ASSE 2017 – Effectively Handling An OSHA Inspection Under Enforcement-Driven OSHA

ASSE 2017 Safety Conference

SiteHawk is exhibiting again this year at the American Society of Safety Engineer’s conference, Safety 2017 in Denver. If you are attending the show, please drop by booth #844 and introduce yourself.

This morning I had the opportunity to attend the Session, “Effectively Handling An OSHA Inspection Under Enforcement-Drive OSHA” presented by Terry Moon Jr. a partner at Atlanta-based Fisher Phillips. The session was sponsored by the safety and health training provider, ClickSafety.

Why Worry About an OSHA Inspection?

Moon introduced the session with a couple of reminders about why being prepared for an OSHA inspection is so critically important. First he referenced OSHA’s increase in penalties rolled out in August 2016. He then went on to share some details regarding the penalties, both civil and criminal that could result from an OSHA inspection. Those penalties ranged from $12,675 per infraction for “other than serious” infractions to penalties as high as $20,000 and 12 months of jail time. Moon also referenced a significant increase in the number of inspectors.

Two other serious considerations that Moon reviewed included the impact of a safety violation or concern on a company’s brand and the prospect of being eliminated for consideration for projects during the bid process.

Top Tips for Handling an OSHA Investigation

Have a Plan – Moon noted that many clients he works with have simply failed to prepare for the possibility. He suggested that companies should make basic preparations such as identifying the supervisors or managers to deal with OSHA personnel, briefing employees such as a receptionist not to allow OSHA personnel beyond a waiting area or planning the route of a facility tour with an OSHA inspector. Moon went as far as to suggest taking a proactive interest in the relevant area director as a means of predicting potential areas of focus.

Don’t Trigger an Inspection – Moon reported that 90% of OSHA inspections are triggered by employee complaints. Obviously, responding to and addressing worker concerns is important. Moon also warned against obvious or questionable safety practices in the public view, such as at a construction site.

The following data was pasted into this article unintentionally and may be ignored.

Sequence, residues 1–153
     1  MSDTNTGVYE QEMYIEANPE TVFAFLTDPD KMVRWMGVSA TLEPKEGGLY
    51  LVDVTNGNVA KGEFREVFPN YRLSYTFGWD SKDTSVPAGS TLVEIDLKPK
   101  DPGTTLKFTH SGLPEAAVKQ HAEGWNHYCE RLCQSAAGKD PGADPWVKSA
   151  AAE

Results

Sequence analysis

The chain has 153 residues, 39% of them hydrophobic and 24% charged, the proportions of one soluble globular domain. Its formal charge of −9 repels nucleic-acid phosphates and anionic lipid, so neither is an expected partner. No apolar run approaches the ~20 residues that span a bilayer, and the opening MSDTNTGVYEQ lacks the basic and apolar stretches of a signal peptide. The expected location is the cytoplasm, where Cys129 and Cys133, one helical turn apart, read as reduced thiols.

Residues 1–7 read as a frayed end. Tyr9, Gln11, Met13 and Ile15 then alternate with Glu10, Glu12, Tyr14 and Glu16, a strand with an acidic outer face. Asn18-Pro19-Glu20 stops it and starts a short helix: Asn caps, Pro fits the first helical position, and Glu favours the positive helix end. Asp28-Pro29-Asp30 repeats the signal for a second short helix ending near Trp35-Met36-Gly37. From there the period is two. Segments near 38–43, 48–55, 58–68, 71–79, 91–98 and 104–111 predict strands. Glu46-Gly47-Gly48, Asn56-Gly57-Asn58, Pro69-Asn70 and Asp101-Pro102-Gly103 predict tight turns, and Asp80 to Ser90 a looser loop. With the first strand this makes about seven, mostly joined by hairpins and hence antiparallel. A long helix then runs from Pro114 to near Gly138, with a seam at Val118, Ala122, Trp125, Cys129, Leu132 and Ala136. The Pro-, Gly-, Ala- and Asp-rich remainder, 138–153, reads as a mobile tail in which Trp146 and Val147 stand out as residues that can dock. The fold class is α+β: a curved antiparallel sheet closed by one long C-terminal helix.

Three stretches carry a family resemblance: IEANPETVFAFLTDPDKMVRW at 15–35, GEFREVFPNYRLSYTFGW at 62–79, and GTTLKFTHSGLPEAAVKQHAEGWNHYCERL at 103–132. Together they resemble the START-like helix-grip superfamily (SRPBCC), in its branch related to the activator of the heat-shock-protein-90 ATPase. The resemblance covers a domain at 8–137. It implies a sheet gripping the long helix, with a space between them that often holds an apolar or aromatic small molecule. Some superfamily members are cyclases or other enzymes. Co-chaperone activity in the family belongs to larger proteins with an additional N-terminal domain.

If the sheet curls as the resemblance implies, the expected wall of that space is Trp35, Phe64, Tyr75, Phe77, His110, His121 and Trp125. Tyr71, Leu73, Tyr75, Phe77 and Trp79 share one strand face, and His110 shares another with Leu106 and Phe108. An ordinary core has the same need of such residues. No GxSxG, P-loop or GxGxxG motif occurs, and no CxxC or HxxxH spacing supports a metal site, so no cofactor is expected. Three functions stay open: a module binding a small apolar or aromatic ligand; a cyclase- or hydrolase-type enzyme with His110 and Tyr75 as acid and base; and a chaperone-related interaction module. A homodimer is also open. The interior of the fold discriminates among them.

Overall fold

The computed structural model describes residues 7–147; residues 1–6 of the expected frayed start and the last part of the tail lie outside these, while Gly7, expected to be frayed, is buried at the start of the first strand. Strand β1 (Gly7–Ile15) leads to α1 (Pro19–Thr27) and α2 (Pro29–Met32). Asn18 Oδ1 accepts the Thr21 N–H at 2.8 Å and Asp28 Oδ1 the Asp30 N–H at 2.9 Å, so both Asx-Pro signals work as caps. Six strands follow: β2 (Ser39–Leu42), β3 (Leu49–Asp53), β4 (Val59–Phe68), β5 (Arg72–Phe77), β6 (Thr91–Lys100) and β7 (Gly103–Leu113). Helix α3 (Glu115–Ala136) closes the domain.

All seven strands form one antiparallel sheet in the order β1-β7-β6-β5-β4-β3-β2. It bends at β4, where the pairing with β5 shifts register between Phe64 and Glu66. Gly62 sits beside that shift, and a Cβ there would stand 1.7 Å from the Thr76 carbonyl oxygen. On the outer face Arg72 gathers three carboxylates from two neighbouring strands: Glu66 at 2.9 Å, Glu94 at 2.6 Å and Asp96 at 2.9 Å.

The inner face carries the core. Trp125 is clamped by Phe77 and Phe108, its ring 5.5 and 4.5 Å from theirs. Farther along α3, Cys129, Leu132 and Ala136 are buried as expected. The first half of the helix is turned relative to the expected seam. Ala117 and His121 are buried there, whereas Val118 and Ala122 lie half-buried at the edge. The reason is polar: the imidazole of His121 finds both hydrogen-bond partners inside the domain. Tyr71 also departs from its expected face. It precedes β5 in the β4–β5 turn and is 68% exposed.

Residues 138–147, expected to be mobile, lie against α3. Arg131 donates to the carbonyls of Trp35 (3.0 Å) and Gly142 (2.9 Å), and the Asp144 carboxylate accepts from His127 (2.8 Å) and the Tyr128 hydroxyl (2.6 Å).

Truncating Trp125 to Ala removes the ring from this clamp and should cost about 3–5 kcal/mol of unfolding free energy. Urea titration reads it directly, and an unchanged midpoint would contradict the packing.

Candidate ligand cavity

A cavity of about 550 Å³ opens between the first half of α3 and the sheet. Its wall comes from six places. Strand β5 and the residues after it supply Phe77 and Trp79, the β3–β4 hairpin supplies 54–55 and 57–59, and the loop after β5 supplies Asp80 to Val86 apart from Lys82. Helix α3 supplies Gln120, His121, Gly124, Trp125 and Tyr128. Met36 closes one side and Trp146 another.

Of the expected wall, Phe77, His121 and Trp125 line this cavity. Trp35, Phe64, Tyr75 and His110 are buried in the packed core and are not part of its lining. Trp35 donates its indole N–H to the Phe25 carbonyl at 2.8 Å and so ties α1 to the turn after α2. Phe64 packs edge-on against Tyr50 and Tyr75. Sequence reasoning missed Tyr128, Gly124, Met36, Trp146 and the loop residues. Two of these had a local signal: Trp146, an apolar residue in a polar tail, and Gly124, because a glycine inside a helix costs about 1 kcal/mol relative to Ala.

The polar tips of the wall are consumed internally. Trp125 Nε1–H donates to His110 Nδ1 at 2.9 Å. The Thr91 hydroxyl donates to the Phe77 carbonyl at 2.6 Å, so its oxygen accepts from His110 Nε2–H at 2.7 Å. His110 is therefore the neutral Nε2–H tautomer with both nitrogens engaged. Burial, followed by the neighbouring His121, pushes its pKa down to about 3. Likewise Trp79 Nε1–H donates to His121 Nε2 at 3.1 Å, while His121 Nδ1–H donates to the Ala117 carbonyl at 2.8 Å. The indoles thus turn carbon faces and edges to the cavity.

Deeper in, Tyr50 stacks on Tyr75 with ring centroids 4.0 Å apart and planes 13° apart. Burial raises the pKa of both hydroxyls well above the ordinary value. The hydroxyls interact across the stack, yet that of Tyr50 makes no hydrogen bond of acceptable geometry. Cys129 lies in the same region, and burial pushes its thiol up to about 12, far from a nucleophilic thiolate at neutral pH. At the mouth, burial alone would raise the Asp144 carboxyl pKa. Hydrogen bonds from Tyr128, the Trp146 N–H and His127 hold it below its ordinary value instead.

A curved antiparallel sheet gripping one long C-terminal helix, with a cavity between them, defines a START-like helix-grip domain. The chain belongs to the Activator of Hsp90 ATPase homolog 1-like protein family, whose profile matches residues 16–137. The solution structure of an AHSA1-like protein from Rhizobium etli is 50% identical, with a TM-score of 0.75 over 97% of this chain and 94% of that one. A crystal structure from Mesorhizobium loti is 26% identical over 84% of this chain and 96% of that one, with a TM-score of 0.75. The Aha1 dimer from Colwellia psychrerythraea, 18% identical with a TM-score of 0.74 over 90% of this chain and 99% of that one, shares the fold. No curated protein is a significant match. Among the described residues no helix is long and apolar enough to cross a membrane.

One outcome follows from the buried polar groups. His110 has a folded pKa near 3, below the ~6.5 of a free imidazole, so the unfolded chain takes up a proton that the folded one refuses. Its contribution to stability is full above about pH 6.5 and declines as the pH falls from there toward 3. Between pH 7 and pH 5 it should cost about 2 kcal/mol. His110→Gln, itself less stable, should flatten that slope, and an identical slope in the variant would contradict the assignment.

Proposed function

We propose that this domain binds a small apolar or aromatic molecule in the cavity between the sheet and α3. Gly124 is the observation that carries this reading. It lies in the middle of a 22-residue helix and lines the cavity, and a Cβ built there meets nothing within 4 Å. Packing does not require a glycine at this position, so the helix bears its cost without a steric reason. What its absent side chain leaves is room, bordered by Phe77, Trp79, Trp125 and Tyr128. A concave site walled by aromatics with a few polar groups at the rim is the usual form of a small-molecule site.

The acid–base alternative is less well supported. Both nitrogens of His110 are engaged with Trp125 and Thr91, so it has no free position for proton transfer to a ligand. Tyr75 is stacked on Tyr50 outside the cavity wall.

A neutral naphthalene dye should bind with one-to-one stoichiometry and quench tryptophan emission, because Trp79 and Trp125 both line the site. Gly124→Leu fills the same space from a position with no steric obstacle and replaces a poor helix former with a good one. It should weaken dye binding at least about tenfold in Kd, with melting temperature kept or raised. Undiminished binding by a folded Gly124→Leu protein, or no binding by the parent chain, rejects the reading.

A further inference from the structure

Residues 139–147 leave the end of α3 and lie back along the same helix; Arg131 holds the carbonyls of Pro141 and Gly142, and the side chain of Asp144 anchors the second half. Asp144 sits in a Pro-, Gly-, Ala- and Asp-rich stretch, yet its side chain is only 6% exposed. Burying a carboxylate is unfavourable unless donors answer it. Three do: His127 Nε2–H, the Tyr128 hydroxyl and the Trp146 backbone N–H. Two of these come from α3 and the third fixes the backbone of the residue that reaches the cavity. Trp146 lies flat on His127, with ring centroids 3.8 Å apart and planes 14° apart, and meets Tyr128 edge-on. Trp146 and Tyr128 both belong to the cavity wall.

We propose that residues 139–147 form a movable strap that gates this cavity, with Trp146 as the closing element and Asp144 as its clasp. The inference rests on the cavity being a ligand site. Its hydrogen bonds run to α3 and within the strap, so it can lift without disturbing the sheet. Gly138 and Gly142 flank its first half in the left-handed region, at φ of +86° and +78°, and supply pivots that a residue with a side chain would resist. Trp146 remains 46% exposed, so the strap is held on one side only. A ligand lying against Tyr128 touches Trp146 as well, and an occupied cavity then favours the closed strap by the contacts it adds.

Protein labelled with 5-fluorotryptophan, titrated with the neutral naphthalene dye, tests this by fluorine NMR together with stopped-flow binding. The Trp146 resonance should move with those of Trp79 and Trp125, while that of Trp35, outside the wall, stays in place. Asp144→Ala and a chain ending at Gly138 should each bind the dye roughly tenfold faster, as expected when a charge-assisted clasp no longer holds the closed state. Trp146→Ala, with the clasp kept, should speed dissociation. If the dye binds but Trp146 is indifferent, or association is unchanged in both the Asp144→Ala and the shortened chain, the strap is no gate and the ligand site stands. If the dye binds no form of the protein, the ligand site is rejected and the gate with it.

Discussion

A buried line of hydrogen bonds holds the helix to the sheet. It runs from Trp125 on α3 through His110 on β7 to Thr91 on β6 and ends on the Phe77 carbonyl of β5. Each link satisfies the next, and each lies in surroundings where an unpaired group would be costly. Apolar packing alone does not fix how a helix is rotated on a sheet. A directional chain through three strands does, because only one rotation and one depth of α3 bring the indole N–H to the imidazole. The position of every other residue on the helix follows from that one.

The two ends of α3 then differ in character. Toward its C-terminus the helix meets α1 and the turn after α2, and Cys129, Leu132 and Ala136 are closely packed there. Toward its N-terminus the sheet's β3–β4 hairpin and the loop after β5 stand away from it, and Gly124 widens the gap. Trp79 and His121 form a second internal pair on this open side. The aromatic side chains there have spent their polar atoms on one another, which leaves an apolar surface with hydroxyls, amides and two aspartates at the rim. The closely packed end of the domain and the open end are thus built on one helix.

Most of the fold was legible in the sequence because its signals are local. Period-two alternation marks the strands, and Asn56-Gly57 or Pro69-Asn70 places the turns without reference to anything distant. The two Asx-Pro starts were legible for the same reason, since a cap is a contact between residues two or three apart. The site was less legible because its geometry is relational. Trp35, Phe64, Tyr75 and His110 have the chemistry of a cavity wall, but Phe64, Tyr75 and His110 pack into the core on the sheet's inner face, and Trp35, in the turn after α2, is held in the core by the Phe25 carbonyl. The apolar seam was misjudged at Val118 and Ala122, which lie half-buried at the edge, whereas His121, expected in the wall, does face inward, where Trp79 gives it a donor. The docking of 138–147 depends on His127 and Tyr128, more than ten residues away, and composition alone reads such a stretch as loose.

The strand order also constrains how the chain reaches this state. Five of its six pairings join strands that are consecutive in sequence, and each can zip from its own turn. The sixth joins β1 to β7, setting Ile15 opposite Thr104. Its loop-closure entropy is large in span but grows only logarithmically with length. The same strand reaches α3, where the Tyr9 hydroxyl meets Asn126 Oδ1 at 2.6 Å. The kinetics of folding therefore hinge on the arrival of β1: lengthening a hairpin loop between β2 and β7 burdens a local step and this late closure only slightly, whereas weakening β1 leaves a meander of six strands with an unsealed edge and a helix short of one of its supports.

Remember Your Rights – Moon advised attendees to remember that it can be intimidating when an OSHA Compliance Officer arrives, flashes a badge and announces an inspection. He said, “It feels like the FBI just showed up”. However, employers do have rights that include accepting an inspection during reasonable business hours, citing a request at 5 AM as potentially being unreasonable. Other steps included restricting admittance of OSHA personnel to a lobby or waiting room until the appropriate supervisor or manager could be present. Moon urged employers to be cooperative and respectful to OSHA personnel, but to maintain control of the situation.

Don’t Volunteer Information – Just like in the cop dramas on television, it’s better to keep your mouth shut. Moon insisted that clients should cooperate, tell the truth and encourage all employees to be 100% truthful. But he advised caution about bringing up topics that might otherwise not be of interest or concern. He also suggested that as in politics, a cover up can be worse than the crime.

Immediate Abatement – Moon advised employers to have team members working ahead of an OSHA compliance officer and behind. Clean up spills or address obvious concerns in advance, or immediately fix anything that is identified as a potential concern – even while the inspection is still in progress.  Also, review previous inspections or citations and make sure not to have repeat offenses.

In general, the presentation left me with that peace of mind you feel when you’ve had the benefit of good legal counsel. Although I’m certain that if I were responsible for leading the interaction with an OSHA Compliance Officer, I would still be nervous and anxious. But I’d be a little more comfortable knowing that I had completely thought through the scenario, perhaps done some planning, and knew about the legal protections available to me.

Thanks to Terry for an informative and engaging hour of information. And thanks to ClickSafety for sponsoring a very useful session.

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About SiteHawk:

SiteHawk is a global leader in Chemical Data Intelligence and compliance solutions. Our SaaS software and services deliver a complete approach to SDS and chemical data management, providing data, intelligence and reporting to support safety, compliance and risk management. Organizations in virtually every industry worldwide utilize SiteHawk solutions to manage their hazard communication programs, meet EHS compliance and product stewardship initiatives, manage chemical inventories and data, publish safety data sheets and promote workplace safety.